The highlight of the day was Palomar Mountain Road, which is sometimes called the ‘road to the stars’ because it leads to an observatory at 5,617 feet of elevation. We weren’t able to make it all the way up to the top, but we still got to enjoy hairpin after hairpin in 2nd and 3rd gear. The Z400 is tremendous in these tight corners because the wide bars make it easy to point the front wheel wherever you want and the light weight ensures you’ll feel confident. Mid-corner corrections are no trouble and I have no faults with the suspension, even when ridden at an aggressive pace. Higher speed track day work might stretch the limits, but at that point you’d probably be looking at the Ninja 400 anyway.

Something Kawasaki has been emphasizing in their latest machines is how the intake sounds, and it shows even with this little Z. The downdraft airbox is under the tank, which means you get to hear an intake sound that you’ll actually look forward to as you wind the throttle out, instead of the asthmatic wheezing sounds typically associated with machines of this displacement. Don’t get me wrong – the Z would definitely benefit from an aftermarket exhaust, but this intake sound is still a nice touch on a small bike.

Halfway up the mountain, I was riding at a decent clip (and having a tremendous blast in the process) when I realized something surprising – I wouldn’t have been able to go any faster if I was on a bigger bike. The Z400 is fast enough to have fun on the short straightaways of Palomar Mountain Road, and it’s just so effortless to corner with that I was able to maintain higher entry speeds than I would have on something like the Z900.

It’s easy to go fast on the Z400, which means it’s easy to have fun.


When I went bike shopping for the first time over a decade ago, I got a Kawasaki Ninja 250 because I wanted a small sportbike. Little did I know that the future version of me would eventually develop a strong preference for naked bikes instead. If I was a first-time buyer right now, I’d want a Z400 for the styling, ergonomics, and the $500 discount off the Ninja – I’d only look at the latter if I knew I’d be doing track days regularly.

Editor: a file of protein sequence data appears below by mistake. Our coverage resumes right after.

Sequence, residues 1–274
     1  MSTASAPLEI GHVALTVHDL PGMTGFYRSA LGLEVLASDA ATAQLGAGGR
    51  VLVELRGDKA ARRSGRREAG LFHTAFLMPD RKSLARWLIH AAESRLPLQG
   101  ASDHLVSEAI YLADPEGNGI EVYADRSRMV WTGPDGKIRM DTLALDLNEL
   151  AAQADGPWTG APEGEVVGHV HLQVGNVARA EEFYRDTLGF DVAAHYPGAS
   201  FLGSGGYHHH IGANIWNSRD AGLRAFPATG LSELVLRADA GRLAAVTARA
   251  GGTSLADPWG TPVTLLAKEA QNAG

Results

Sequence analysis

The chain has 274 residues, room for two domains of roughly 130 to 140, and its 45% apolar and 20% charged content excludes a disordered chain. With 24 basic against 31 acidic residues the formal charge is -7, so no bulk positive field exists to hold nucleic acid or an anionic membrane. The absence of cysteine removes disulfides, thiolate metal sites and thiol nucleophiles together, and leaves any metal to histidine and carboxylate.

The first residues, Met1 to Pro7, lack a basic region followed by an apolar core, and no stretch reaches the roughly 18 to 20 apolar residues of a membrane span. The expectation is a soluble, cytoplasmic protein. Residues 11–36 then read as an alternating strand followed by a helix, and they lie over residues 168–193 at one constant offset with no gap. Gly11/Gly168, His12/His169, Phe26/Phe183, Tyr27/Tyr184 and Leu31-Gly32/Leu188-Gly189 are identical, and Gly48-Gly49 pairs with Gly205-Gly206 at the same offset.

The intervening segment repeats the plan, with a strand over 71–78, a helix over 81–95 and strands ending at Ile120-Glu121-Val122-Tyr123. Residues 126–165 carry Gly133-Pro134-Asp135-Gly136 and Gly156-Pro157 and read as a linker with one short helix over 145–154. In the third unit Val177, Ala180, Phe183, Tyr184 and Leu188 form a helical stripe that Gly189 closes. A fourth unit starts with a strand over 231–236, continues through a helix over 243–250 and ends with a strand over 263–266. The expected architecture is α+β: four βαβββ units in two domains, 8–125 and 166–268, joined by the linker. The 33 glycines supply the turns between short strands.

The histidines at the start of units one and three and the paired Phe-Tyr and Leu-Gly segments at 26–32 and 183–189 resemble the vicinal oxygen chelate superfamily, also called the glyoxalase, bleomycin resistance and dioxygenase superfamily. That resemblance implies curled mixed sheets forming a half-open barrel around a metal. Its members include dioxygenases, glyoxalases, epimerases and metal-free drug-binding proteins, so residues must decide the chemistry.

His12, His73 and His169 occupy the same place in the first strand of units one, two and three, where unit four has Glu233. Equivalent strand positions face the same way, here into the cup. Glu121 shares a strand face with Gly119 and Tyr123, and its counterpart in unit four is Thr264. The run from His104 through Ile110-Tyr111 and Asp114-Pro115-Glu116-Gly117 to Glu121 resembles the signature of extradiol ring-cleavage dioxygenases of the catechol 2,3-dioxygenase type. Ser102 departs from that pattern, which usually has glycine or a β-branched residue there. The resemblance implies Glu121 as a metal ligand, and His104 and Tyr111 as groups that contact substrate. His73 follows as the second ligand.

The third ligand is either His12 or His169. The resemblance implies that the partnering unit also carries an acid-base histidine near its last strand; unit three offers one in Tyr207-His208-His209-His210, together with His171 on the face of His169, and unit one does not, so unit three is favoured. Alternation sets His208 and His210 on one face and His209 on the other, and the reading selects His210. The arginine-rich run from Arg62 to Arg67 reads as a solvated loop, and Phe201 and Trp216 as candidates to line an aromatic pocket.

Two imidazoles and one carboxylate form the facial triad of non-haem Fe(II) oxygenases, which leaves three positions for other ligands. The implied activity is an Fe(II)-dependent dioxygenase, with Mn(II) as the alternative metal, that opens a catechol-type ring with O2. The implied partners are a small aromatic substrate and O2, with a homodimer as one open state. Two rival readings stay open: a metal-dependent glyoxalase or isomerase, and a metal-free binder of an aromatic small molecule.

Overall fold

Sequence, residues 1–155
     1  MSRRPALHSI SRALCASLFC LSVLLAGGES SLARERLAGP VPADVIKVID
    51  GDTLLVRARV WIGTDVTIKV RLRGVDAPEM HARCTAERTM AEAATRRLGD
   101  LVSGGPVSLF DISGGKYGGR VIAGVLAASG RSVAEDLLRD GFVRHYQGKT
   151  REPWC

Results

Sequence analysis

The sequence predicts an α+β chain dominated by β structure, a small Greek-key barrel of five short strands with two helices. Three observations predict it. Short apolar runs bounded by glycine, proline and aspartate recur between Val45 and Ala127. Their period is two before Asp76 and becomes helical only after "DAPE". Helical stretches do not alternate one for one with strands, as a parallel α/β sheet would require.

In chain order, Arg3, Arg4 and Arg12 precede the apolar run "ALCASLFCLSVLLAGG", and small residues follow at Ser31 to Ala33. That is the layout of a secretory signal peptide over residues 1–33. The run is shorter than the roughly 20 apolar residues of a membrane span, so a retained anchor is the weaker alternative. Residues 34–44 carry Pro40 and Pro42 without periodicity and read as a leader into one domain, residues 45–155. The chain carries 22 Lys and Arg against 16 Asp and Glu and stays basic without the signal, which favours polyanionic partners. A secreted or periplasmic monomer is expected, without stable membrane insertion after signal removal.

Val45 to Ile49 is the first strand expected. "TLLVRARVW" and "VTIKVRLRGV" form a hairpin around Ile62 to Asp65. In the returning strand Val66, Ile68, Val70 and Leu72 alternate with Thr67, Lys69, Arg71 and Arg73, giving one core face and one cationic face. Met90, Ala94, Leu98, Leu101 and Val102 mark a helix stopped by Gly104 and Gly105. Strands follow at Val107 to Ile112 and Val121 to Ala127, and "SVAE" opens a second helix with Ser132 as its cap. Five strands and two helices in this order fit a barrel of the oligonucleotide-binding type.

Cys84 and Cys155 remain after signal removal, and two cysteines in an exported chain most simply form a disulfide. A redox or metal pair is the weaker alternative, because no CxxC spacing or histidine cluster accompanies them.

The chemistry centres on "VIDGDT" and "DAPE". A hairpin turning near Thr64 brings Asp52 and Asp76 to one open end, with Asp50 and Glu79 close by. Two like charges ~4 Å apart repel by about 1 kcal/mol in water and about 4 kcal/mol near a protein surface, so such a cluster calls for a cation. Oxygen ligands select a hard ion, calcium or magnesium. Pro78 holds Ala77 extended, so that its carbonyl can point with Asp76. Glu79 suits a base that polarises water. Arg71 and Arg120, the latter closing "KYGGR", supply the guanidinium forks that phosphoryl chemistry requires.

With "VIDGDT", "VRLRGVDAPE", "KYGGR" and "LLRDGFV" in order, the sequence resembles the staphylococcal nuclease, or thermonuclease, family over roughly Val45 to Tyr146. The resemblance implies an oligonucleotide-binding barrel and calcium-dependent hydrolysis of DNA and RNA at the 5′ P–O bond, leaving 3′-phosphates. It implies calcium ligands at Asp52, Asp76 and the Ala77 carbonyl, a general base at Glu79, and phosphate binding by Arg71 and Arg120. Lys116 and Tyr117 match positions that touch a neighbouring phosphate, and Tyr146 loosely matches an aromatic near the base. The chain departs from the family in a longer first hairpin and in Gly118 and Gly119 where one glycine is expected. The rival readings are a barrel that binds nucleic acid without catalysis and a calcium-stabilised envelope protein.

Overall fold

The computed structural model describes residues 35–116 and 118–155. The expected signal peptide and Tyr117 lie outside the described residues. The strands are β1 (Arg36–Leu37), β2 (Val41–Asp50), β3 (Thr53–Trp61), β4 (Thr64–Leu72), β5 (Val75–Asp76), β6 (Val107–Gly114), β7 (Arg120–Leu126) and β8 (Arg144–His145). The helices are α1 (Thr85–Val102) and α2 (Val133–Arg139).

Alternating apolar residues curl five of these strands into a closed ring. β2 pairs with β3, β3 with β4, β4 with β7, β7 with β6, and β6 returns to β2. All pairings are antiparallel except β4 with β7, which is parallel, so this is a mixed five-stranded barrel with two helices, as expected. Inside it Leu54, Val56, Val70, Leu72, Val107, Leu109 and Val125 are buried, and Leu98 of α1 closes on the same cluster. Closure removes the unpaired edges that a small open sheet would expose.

Mr. Essex concluded his introduction of the Z400 to us editors by saying that Kawasaki is offering the bike “at an amazing price point. We think it’s going to be a home run for us.” I’d say he’s right. Kawasaki’s newest effort is an excellent commuter, a joy in the canyons, and it’s even serviceable on longer journeys. I’m having more fun on the Z400 than I’ve had with some bikes that cost twice as much. Speaking of money, Kawasaki currently offers 16 accessories, and the aftermarket already has plenty of engine and chassis products based on the Ninja 400 platform. Considering the target market of this bike, I suspect many riders will use some of their $500 savings towards the $254.95 frame slider set. From a styling standpoint, I also have a soft spot for the $321.95 lower cowl to hide the hideous catalytic converter and the $159.95 cowl to pretty up the passenger seat.

When I reviewed the Honda Super Cub, I got lots of emails from readers who had one when they were young and were hoping it could recapture America’s youth and get them back on two wheels. I like the Cub, but at the end of the day it feels like more of a nostalgia grab at old riders rather than something that will attract new ones. Bikes like the Z400 are what the motorcycle industry needs – cheap, competent, and so much fun. It’s the best bargain in motorcycling, and it’s going to be an awesome first bike for lots of happy future riders.

2019 is young, but the Z400 is an early contender for my favorite bike of the year. Photo by Nathan May

Check out the 2019 Kawasaki Z400!
Helmet: Shoei X-Fourteen in Matte Black – $742.99
Jacket: Alpinestars SP-1 in Black/Red – $439.95
Jeans: Alpinestars Copper Denim – $229.95
Gloves: Velomacchi Speedway – $149
Boots: Sidi Mag-1 Air – $495.


Destination Charge:
Front suspension:
Rear suspension:
Front tire:
Rear tire:
Front brakes:
Rear brakes:
Seat height:
Fuel capacity:
Curb weight:

Candy Lime Green, Candy Cardinal Red
399cc parallel-twin
41mm telescopic
Uni-Trak w/ preload adjustment
310mm semi-floating single disc
220mm single disc
30.9 inches
53.9 inches
3.7 gallons
368 pounds